Why gas is the new coal

Date Published 2021, November 04

In order to focus the relevant communities of state and non-state actors in the industrial and climate policy realms, scientists need to provide clear guidelines for the use of natural gas in a Paris Agreement compatible energy mix. In the absence of rigorous, transparent benchmarks, it looks increasingly likely that the ‘coalition of the willing’ will be locking us into a high-carbon future.

Here, we provide a first quantification of a few key takeaways for natural gas in a world that implements the Paris Agreement and limits warming to 1.5°C:

  • Natural gas was the largest source of fossil CO2 emissions increase (42%) in the decade 2010 to 2019), is responsible for about 60% of methane emissions from fossil fuel production, and about 70% if the projected increase in fossil CO2 emissions under current policies to 2030.
  • Analysis of 1.5°C compatible scenarios from the IPCC Special Report on 1.5°C shows unabated use of natural gas in primary energy supply globally should already have peaked and be declining globally, and that it needs to drop by more than 30% below 2020 levels by 2030, and 65% below 2020 levels by 2040.
  • Whilst the IEA’s Net Zero (NZE) is Paris Agreement compatible in overall terms, there are significant indications that its projected natural gas use is much higher than can be expected, given the availability of cleaner, zero carbon technologies in the applications where natural gas is presently used. The IEA NZE has natural gas 6% below 2020 levels by 2030 and 45% below by 2040.
  • Scenario results for 1.5°C compatible scenarios likely represent the upper limit on natural gas use, consistent with limiting warming to the 1.5°C limit in the Paris Agreement because of the ongoing cost reductions in renewable energy and green hydrogen.
  • Reductions in the power sector will be fully examined in a further study, but early indications are that unabated natural gas use in the power sector will need to peak within the present decade and begin a rapid decline thereafter.
  • The role of gas at scale in a future energy mix consistent with limiting warming to 1.5°C is inextricably tied to the viability of a massive expansion of Carbon Capture and Storage (CCS) – a technology whose future is highly uncertain. For natural gas in the IEA Net Zero pathway, most CCS use is projected outside the power sector so that by 2030, 15% of gas used would be subject to CCS whereas only 2% in the power sector. The global CCS pipeline at present is inconsistent with the rollout of this technology at this scale.
  • The natural gas industry is advancing the argument that “blue hydrogen” made with natural gas combined with CCS, is a bridging fuel to green hydrogen made with renewable energy.
  • Blue hydrogen is highly emissions intensive, and further investing in this technology will lock in carbon intensive infrastructure and could crowd out the rapid scale-up of green hydrogen.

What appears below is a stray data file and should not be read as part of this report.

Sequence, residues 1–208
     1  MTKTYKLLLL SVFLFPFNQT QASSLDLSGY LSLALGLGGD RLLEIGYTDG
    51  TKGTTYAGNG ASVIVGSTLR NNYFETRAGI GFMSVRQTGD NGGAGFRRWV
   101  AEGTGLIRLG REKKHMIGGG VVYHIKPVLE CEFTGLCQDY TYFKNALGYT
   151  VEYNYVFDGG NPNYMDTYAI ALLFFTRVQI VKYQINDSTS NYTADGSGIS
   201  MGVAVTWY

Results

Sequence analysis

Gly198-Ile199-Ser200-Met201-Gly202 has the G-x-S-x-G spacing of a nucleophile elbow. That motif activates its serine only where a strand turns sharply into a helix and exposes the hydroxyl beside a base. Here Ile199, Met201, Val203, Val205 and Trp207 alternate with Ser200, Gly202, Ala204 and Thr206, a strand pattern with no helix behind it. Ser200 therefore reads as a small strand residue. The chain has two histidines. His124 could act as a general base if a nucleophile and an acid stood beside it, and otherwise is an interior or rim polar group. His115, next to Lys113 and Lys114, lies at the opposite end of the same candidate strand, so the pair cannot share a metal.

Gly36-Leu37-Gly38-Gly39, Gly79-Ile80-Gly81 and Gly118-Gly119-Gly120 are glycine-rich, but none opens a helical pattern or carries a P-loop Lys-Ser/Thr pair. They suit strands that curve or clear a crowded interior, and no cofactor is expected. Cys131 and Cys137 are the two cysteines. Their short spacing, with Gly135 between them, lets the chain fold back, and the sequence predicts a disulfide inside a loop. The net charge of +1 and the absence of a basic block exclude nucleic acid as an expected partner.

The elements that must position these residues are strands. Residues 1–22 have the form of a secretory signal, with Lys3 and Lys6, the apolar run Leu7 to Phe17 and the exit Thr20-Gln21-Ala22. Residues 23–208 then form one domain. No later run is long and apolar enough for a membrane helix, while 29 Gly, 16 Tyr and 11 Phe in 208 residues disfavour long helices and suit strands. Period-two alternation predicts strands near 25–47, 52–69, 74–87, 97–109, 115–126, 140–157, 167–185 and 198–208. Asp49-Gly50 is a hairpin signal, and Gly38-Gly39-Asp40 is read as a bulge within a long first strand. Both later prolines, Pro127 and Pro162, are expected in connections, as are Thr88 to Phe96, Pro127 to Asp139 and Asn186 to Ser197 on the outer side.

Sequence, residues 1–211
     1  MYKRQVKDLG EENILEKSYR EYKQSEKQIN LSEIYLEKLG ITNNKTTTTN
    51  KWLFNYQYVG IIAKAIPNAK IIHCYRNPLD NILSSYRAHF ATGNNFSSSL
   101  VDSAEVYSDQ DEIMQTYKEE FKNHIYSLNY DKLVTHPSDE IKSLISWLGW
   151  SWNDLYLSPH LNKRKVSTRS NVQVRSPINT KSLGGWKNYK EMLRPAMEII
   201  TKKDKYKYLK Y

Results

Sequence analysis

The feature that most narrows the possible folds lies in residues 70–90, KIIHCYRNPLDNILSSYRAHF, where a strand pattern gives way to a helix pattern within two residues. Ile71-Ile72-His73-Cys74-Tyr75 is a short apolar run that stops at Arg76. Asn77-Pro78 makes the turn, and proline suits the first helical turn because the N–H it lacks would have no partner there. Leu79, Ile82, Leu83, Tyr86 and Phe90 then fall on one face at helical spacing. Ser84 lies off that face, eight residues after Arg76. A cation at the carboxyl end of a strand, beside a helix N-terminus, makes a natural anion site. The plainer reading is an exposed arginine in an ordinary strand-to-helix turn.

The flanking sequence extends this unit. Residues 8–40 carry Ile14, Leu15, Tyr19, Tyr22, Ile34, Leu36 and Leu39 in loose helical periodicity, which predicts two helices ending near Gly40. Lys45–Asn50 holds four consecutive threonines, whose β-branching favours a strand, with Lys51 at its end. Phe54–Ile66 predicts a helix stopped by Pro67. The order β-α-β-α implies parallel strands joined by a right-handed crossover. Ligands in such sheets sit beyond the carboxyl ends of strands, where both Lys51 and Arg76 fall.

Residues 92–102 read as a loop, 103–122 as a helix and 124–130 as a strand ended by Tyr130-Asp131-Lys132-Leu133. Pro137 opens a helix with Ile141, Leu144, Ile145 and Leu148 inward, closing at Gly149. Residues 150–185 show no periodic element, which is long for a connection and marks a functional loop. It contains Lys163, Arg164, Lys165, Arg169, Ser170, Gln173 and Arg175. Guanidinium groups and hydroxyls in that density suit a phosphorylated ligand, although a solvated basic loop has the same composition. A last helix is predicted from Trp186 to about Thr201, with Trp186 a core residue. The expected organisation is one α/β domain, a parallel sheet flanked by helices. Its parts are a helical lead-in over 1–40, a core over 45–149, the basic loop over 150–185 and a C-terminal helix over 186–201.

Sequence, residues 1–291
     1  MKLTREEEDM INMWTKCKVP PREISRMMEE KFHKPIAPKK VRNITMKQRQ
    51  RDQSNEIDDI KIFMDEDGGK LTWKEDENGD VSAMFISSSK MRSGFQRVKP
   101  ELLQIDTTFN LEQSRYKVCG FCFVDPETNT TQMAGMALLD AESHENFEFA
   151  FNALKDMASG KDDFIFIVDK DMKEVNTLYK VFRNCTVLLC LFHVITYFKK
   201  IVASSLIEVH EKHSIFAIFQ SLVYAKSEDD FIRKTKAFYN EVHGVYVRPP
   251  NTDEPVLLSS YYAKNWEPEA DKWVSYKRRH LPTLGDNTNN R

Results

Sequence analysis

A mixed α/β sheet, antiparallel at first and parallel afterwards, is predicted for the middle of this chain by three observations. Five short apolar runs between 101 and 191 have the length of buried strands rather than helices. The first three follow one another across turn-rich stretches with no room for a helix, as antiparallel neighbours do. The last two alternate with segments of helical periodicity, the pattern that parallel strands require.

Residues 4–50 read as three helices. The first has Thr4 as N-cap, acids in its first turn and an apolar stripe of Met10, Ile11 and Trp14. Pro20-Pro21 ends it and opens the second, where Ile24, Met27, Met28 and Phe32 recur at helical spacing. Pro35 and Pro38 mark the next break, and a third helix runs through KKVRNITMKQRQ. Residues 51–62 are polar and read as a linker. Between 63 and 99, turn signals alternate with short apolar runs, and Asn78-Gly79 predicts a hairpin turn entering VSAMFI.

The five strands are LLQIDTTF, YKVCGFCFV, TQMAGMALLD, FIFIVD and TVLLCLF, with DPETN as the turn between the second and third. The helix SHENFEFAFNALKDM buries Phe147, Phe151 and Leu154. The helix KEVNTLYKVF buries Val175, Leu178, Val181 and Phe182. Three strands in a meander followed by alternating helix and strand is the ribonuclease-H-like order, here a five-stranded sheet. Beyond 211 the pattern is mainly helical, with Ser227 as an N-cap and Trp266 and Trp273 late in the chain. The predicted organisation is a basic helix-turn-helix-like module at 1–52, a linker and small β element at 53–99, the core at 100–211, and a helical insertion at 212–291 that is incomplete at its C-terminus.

• The International Energy Agency estimates Green H2 could be produced in the lowest cost renewable regions for as low as USD 1.5/kg by 2030, comparable to cost of blue hydrogen, and beyond this time as low as USD 1.0/kg which is cost-competitive with natural gas without CCS.
  • The IEA’s Sustainable Development Scenarios (SDS) are being used by the gas industry to justify expansion of gas use, gas pipelines and massive LNG expansion, however the SDS scenarios are not Paris Agreement compatible.
  • One of the key developments in natural gas use in the energy system in the last decade has been the rise of liquefied natural gas (LNG), which has been touted as a cleaner alternative to coal, and for which there are substantial expansion plans globally.
  • Emissions from LNG supply and end use had reached an estimated 1.25 GtCO2e/yr (~17% of emissions from natural gas) by 2020 and LNG accounted for about 12% of total gas use globally in 2020 with growth- under present policies to close to 16% of gas demand globally by 2035.
  • LNG is a very carbon intensive fuel source and taking into account emissions in production, manufacture distribution and gasification, including methane leakages, may have a greater GHG footprint than coal-fired generation when used for power production.
  • Because of its carbon intensity and cost the IEA NZE Pathway projects a rapid collapse of the LNG trade at the global level, which will be felt differently in different regions.
  • This report presents an important case example of the likely impacts of a declining global demand for natural gas under Paris Agreement, that of the world’s largest LNG exporter, Australia, whose LNG trade can be expected under the IEA NZE pathway to collapse faster than the global average to close to 25% below 2020 levels by 2030 and halve by 2040.

While further scientific analysis of the length of a ‘bridging’ role for natural gas in specific sectors, including the power sector, is required, existing data is sufficient to disqualify natural gas as a viable bridge.

Gas is not a “bridging fuel”, it is still a fossil fuel, and to reach the Paris Agreement’s 1.5˚C warming limit, governments, investors and multilateral finance institutions must treat it the same way they do coal: target gas for a swift phase-out.

Given the above, it is important for the world to recognise that gas is as important a fossil fuel to phase out as coal.

Gas, in other words, is the “new coal.”